Beginning in 2018, the ACA requires employers to pay a 40 percent tax on the net cost of high-cost health plans. Plans with costs that total more than $10,200 for employee only coverage and $27,500 for family coverage will be subject to this penalty, the so-called “Cadillac” tax.
According to the Truven Health study, 15 percent of active employee plans are projected to incur the tax upon its activation in 2018, a rate that is expected to increase to 19 percent by 2020. Truven Health researchers estimate the tax would result in a cost increase of up to $480 per employee per year (PEPY) for plans expected to incur the tax.
“It’s critical to effective planning for budgeting, collective bargaining and benefit strategy that employers begin now to gain a solid understanding of which plans are likely to incur the tax and when each plan’s costs may be likely to cross the excise thresholds,” said Chris Justice, senior director of practice leadership at Truven. “By implementing a combination of benefit plan changes, premium contributions, and health risk interventions, you can mitigate the impact of this new tax in 2018 and beyond.”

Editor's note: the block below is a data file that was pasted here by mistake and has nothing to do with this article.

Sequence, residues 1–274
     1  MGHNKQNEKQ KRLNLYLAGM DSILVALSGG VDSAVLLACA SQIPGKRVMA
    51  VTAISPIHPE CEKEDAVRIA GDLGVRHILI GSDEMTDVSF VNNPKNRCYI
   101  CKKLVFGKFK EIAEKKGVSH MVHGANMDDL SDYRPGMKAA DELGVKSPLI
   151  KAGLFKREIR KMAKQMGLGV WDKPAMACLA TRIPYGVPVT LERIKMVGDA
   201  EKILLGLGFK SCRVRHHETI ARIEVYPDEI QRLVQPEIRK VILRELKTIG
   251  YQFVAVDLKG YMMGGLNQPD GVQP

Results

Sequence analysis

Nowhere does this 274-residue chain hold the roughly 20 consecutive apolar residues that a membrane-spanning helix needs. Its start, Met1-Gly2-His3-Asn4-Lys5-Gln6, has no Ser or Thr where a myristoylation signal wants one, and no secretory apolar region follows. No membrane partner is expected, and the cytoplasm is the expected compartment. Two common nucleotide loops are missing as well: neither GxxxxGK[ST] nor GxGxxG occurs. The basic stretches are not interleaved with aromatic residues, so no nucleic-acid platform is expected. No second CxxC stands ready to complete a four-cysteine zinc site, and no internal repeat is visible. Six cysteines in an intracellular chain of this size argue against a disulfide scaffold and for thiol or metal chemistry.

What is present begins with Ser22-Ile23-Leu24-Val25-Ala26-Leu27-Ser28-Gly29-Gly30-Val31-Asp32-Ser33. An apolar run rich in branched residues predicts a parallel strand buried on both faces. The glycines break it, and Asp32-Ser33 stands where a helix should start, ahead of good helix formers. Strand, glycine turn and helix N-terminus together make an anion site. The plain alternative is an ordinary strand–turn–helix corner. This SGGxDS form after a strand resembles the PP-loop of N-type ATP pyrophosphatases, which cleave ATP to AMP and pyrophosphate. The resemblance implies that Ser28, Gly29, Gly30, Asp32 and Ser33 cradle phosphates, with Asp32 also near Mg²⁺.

The study also finds that early retiree plans are projected to incur tax at a much higher rate than active employee plans. Truven researchers found that 81 percent of early retiree plans for U.S. employers are likely to incur the “Cadillac” tax, and this rate is projected to increase to 84 percent by 2020. That would result in an annual per employee per year (PEPY) tax amount of $1,069, or 6.8 percent of total PEPY costs for plans incurring the tax.